Fed by an underground stream, the Pomacochas Lagoon is a mesmerizing natural attraction. Its deepest parts (260 feet) are dark green, and the area is home to the marvelous spatuletail hummingbird, considered one of the most beautiful in the world.

Huiquilla Private Conservation Area

Spanning 1,150 hectares, the Huiquilla Private Conservation Area is a vital wildlife refuge protecting species like the spectacled bear, Andean fox, and majaz. It also hosts 88 species of birds, making it a paradise for birdwatchers and nature enthusiasts.

Sonche Canyon

Near the traditional town of Huancas, the Sonche Canyon offers breathtaking landscapes and panoramic views. This stunning natural wonder is a must-visit for those seeking the beauty and tranquility of the Andean highlands.

Cultural Experiences

Raymillacta Festival

Held in the second week of June, the Raymillacta Festival, meaning “Great Festival of the People,” attracts dancers and musicians from all over the Amazonas department, Peru, and other countries. This vibrant celebration showcases the cultural diversity and artistic expressions of the region.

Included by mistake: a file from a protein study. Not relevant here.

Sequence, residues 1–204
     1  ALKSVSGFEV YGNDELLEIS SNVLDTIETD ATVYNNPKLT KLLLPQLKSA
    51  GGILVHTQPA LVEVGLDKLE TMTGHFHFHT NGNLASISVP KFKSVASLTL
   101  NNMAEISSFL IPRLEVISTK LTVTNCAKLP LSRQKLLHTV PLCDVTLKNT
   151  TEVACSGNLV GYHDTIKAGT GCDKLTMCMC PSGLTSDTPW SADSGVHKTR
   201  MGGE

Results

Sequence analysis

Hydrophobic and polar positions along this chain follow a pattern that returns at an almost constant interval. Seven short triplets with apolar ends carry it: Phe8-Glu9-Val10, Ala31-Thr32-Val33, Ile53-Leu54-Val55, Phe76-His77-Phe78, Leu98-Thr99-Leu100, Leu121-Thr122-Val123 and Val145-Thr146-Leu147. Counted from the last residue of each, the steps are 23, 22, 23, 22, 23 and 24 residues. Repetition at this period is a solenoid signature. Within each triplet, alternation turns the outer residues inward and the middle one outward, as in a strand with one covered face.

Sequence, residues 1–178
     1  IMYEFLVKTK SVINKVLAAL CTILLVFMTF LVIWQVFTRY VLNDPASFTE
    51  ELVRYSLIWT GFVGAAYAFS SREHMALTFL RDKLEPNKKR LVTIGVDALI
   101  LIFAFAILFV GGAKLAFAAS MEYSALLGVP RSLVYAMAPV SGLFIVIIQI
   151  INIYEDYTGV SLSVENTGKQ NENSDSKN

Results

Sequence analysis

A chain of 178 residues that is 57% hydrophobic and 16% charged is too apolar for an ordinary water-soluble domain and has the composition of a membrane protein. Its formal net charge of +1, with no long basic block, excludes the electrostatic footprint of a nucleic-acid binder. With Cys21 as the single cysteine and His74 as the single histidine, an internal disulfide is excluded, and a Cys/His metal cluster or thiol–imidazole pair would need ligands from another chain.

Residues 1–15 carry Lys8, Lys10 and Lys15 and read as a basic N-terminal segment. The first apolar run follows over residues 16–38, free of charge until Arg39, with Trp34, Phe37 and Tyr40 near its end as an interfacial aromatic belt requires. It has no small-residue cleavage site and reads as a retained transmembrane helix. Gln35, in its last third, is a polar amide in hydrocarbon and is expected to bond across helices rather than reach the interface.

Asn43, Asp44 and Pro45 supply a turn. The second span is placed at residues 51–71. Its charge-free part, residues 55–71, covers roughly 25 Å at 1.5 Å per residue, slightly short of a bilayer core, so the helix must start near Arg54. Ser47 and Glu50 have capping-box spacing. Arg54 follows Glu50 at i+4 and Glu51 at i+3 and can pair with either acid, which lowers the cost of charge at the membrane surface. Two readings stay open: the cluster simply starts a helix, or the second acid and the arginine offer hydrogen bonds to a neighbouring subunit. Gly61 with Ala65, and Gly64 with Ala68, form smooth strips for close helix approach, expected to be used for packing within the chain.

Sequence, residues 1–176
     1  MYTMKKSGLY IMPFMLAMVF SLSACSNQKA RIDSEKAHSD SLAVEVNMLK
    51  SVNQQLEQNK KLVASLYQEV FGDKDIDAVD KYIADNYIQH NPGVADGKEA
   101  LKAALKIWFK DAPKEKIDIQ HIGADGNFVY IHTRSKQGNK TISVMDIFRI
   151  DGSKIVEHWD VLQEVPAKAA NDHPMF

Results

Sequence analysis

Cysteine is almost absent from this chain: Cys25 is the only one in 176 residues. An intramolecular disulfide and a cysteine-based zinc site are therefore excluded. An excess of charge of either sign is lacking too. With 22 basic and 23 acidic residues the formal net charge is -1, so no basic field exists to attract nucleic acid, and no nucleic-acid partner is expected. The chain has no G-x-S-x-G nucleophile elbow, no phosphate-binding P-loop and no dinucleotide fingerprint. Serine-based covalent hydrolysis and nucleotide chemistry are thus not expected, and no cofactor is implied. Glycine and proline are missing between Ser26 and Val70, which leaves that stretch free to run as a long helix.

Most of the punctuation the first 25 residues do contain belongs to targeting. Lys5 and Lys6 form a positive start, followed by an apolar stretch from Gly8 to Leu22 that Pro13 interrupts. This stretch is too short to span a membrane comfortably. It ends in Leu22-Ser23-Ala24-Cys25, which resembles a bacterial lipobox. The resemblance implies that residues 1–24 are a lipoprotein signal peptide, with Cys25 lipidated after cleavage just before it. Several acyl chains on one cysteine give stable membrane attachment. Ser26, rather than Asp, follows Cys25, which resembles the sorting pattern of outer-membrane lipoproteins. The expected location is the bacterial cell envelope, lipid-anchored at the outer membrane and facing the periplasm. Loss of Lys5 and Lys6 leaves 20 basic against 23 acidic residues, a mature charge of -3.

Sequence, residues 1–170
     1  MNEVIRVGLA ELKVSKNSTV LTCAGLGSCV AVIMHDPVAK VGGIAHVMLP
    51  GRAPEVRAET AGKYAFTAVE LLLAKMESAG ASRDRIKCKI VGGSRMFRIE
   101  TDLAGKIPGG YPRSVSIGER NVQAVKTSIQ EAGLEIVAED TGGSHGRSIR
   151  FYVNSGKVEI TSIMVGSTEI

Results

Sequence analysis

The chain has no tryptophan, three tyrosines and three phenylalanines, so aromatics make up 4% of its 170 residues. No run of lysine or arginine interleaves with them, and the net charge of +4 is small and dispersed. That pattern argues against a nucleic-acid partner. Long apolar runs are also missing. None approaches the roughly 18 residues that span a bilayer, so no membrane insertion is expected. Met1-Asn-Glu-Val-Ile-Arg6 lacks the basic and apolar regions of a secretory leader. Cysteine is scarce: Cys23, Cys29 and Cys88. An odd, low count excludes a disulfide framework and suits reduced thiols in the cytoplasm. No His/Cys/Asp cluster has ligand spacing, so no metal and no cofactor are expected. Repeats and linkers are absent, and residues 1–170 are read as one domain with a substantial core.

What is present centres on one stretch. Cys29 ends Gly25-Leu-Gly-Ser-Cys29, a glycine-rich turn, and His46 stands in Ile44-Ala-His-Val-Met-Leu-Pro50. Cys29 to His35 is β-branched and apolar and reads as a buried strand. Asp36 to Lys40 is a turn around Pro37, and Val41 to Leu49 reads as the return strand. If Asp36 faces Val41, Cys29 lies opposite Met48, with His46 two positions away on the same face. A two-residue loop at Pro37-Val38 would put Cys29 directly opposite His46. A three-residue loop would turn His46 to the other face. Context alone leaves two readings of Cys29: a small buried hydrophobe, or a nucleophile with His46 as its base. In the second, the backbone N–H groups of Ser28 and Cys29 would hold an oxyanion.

Feast of Our Lady of the Assumption

From August 7 to 15, the Feast of Our Lady of the Assumption honors the patron saint of Chachapoyas. The streets are adorned with traditional flower petal carpets, and the image of the Virgin Mary is carried in a grand procession through them.

Feast of the Lord of Gualamita

From September 10 to 15, the town of Lamud celebrates the Feast of the Lord of Gualamita, reenacting the story of the image’s origin in Cusco. This religious celebration is a significant cultural event, drawing the faithful and visitors alike.